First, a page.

T he five-part sale of “Highly Important American Historical Documents, Autograph Letters, and Manuscripts” from the Elsie O. and Philip D. Sang Foundation, which extended from April 1978 to December 1981, was a watershed event in American collecting. The breadth and depth and sheer size of the collection—1,342 lots comprising several thousand manuscripts, as well as books, broadsides, maps, and artifacts—is almost unimaginable today. Even more astonishing is the consistently high significance of the content of the manuscripts. Letters and documents dispersed in the Sang Sale became the foundation stones of two equally distinguished aggregations of historical American manuscripts, the Forbes Collection and the Gilder Lehrman Institute of American History.
Philip Sang (1902–1975) is generally credited as the more dedicated collector of the two, but he was always supported by his wife, Elsie (1906–1997), who developed a deep appreciation and understanding of the primary documents that filled their home. Sang graduated from the Illinois Institute of Technology and developed several business interests, particularly in pharmaceuticals. But it was another business—Goldenrod Ice Cream—that Sang would rely on to ease his way into correspondence with the offices of various dignitaries, including several presidents.
I joined Sotheby’s a few years too late to have participated in the five-part sale of property from the Sang Collection, but I have spent many hours going through its catalogues: sometimes checking provenance, sometimes just wistfully daydreaming. I did have the opportunity to catalogue a sale from the Sang Collection, however. The first business trip I ever made for Sotheby’s was with a colleague in the autumn of 1984 to visit Mrs. Sang in Chicago. She had enough splendid material remaining not only for a dedicated auction the following spring (“Fine Printed and Manuscript Americana from the Collection of Mrs. Philip D. Sang,” 27 March 1985), but to fill in gaps in our general auctions for almost another decade.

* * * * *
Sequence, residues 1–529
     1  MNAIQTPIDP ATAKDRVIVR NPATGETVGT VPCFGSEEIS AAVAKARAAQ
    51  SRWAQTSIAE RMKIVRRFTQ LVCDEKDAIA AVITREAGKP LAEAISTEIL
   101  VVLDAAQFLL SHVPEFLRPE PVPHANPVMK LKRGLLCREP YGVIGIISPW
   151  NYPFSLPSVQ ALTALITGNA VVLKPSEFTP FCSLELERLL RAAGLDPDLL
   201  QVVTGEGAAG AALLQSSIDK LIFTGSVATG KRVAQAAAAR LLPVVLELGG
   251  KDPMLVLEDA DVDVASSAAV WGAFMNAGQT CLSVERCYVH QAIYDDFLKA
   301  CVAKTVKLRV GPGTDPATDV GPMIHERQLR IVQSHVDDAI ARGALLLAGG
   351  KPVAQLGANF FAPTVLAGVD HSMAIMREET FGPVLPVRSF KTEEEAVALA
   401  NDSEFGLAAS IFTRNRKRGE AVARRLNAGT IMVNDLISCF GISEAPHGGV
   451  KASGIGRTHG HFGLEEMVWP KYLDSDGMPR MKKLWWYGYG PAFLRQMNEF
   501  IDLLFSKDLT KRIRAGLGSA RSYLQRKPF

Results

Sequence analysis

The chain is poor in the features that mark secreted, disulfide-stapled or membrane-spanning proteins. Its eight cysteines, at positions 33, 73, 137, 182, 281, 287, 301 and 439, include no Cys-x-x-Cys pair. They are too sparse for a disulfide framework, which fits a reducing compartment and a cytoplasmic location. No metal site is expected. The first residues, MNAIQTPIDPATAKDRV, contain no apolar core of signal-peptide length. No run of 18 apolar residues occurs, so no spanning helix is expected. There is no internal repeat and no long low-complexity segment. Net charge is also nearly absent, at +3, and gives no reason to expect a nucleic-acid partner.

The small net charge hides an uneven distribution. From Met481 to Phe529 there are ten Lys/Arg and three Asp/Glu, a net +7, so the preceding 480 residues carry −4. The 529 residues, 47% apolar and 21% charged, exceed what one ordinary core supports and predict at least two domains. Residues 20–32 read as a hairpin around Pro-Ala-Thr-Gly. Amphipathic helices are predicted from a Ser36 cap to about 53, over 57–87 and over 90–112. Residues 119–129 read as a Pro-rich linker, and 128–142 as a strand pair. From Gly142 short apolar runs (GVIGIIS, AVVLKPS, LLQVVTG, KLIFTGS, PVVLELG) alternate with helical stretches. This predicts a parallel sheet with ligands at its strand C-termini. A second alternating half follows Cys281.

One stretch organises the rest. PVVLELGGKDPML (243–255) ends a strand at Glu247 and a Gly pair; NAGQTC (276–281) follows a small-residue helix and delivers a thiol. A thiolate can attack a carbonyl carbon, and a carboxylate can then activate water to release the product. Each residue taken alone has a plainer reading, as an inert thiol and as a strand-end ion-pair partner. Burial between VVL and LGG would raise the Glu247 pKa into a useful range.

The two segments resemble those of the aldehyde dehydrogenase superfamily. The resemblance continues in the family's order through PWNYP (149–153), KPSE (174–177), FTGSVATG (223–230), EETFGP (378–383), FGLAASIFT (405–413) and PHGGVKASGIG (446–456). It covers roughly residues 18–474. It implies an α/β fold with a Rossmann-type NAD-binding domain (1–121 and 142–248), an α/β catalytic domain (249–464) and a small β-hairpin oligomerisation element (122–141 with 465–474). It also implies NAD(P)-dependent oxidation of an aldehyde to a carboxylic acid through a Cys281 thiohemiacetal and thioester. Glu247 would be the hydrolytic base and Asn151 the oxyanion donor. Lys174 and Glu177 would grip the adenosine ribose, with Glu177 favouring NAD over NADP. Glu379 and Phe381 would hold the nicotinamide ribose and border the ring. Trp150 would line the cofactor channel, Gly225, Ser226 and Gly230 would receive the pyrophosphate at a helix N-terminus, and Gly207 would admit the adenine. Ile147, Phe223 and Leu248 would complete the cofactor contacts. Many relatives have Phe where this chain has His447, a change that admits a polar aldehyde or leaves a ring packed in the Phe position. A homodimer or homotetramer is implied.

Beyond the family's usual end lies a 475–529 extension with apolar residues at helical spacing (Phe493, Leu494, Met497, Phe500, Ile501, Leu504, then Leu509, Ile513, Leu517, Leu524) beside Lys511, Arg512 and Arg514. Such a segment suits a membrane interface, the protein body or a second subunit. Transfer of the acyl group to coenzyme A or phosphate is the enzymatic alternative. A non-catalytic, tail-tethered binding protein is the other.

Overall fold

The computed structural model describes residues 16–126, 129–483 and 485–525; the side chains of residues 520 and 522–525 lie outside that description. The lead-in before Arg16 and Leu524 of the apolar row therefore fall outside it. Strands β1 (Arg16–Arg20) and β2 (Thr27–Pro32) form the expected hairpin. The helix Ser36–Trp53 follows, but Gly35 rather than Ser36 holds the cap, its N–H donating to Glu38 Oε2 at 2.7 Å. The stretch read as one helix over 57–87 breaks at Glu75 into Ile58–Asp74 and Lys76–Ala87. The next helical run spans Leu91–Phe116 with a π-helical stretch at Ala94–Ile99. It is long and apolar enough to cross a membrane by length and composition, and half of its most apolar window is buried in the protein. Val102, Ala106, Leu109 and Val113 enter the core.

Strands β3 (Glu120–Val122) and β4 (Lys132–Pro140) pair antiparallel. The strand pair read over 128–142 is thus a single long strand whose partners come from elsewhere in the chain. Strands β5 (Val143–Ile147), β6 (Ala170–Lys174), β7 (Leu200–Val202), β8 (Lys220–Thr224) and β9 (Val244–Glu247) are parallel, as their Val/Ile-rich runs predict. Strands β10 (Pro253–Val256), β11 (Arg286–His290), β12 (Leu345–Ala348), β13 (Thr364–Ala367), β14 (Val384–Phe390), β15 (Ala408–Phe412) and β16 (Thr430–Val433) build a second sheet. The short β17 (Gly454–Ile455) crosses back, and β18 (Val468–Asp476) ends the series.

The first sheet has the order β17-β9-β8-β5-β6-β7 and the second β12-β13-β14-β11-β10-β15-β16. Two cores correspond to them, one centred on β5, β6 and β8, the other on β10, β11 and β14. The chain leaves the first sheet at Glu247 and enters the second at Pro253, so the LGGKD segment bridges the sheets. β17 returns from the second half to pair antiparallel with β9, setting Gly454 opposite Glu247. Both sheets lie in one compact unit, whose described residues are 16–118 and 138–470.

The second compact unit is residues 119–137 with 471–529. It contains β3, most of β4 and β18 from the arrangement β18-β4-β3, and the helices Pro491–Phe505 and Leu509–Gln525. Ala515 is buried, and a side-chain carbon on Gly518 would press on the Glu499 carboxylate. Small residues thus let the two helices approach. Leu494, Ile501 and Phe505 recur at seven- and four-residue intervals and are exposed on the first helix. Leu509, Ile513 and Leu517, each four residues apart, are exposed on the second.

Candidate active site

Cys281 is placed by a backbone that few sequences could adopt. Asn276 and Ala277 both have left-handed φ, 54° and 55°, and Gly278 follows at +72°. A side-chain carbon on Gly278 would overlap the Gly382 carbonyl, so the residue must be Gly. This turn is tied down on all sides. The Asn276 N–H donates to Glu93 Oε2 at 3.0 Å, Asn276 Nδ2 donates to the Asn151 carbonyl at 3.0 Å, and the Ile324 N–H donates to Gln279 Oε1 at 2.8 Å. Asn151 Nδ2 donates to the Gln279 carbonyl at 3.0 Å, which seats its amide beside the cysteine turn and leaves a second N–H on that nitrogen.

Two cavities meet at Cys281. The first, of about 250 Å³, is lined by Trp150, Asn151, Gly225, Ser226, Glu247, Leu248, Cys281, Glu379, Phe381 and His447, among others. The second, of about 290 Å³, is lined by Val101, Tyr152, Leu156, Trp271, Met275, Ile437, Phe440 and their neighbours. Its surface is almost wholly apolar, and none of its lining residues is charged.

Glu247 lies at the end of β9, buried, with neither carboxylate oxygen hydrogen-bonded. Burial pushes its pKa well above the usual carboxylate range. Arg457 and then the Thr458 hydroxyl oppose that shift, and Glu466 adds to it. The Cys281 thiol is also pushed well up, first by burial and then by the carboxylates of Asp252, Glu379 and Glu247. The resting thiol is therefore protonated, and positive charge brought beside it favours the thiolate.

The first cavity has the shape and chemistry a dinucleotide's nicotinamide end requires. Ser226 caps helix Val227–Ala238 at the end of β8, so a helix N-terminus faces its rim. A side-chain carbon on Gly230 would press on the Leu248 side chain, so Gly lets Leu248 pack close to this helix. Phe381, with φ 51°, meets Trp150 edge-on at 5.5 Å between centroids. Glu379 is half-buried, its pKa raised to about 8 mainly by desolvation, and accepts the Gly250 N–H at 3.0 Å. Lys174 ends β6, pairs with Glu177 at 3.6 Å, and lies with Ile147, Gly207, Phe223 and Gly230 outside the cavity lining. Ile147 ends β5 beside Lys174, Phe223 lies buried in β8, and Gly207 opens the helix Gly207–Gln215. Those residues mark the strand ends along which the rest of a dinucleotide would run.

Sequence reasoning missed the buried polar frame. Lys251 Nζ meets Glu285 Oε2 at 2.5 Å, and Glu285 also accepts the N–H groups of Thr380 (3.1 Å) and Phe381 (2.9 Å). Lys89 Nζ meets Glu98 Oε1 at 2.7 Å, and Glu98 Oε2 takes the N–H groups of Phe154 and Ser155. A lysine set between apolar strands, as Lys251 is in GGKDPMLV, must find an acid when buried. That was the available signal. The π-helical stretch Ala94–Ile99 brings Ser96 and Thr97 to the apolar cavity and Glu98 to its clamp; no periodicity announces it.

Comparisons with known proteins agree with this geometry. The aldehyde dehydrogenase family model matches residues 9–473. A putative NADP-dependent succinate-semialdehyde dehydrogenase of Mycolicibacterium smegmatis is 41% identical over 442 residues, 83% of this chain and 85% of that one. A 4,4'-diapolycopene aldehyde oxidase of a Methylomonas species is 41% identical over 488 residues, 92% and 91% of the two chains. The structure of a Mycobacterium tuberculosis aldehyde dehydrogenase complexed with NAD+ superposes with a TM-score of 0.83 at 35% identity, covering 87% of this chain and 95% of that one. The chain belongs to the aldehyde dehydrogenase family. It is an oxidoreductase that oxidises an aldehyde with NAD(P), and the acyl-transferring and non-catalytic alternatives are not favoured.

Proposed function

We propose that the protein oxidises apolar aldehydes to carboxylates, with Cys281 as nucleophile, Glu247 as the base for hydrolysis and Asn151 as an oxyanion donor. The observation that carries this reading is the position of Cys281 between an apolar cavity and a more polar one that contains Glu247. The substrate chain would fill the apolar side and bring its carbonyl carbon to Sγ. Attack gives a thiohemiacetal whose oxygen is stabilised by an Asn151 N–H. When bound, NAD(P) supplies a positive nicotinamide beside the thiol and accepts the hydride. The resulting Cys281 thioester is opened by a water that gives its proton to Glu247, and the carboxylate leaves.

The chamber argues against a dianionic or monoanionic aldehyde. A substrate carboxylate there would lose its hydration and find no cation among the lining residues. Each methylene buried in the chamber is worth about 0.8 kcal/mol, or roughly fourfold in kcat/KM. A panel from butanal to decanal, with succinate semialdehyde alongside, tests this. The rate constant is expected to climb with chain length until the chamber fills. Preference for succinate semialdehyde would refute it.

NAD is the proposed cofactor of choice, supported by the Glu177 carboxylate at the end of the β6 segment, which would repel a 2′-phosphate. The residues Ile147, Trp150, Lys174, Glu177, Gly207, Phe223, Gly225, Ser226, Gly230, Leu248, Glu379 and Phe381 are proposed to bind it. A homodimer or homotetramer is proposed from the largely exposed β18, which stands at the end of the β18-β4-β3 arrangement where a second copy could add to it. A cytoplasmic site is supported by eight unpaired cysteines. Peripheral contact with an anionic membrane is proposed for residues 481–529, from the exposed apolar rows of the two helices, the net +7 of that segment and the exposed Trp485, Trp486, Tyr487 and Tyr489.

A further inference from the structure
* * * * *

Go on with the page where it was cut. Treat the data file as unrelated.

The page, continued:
And now, from a descendent, comes another cache from the Sang Collection, all the more exciting for being unexpected. The highlights range from momentous presidential letters and documents (Abraham Lincoln thanking a schoolboy for his donation of five dollars to aid the Union cause; Ulysses S. Grant pardoning the poll workers who allowed Susan B. Anthony to vote in the 1872 election) to moving letters by First Ladies (Lucretia Garfield confiding to Queen Victoria that President Garfield’s health seems to be improving; Abigail Adams informing Ann Gerry that her husband, Elbridge, has safely arrived in Paris). The notable manuscripts in the sale range far from the White House, however, and include important manuscripts from Stephen Foster, George Gershwin, and Oscar Hammerstein II, among other American composers and lyricists.
“All in all, this is an auction worthy to be added to the roster of ‘Sang Sales.’”
While I urge you to browse the entire sale, for a bit of guidance the catalogue begins with Presidential letters and documents (lots 1−53), then moves to First Ladies (lots 54−76), then to Music (lots 77−92), and concludes with a Historical Miscellany (lots 93−113).
– Selby Kiffer
Senior Vice President, International Senior Books Specialist
Books & Manuscripts Department
President Lincoln thanks a schoolboy for his contributions to the Union cause
ESTIMATE $700,000 – 1,000,000
A great Lincoln letter rediscovered
The President thanks a schoolboy on behalf of “all the children of the nation” for his efforts to ensure "that this war shall be successful, and the Union be maintained and perpetuated."
In a wide-ranging letter to his old friend Philip Mazzei, Thomas Jefferson discusses the Louisiana Purchase
ESTIMATE $100,000 – 150,000
In a compelling and wide-ranging letter to his old friend Philip Mazzei, Thomas Jefferson expresses confidence in the "incalculable value" of the just-completed Louisiana Purchase
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